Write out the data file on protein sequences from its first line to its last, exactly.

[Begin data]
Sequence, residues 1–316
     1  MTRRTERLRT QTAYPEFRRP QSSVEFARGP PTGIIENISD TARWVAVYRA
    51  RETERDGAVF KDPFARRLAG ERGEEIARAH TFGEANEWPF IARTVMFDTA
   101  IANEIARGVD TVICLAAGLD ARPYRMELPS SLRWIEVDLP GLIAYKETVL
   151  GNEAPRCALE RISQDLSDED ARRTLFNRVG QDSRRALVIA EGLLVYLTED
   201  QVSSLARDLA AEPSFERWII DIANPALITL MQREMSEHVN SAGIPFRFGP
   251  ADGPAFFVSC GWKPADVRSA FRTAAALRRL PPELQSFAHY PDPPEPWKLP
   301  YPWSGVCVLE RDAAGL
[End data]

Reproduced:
Sequence, residues 1–316
     1  MTRRTERLRT QTAYPEFRRP QSSVEFARGP PTGIIENISD TARWVAVYRA
    51  RETERDGAVF KDPFARRLAG ERGEEIARAH TFGEANEWPF IARTVMFDTA
   101  IANEIARGVD TVICLAAGLD ARPYRMELPS SLRWIEVDLP GLIAYKETVL
   151  GNEAPRCALE RISQDLSDED ARRTLFNRVG QDSRRALVIA EGLLVYLTED
   201  QVSSLARDLA AEPSFERWII DIANPALITL MQREMSEHVN SAGIPFRFGP
   251  ADGPAFFVSC GWKPADVRSA FRTAAALRRL PPELQSFAHY PDPPEPWKLP
   301  YPWSGVCVLE RDAAGL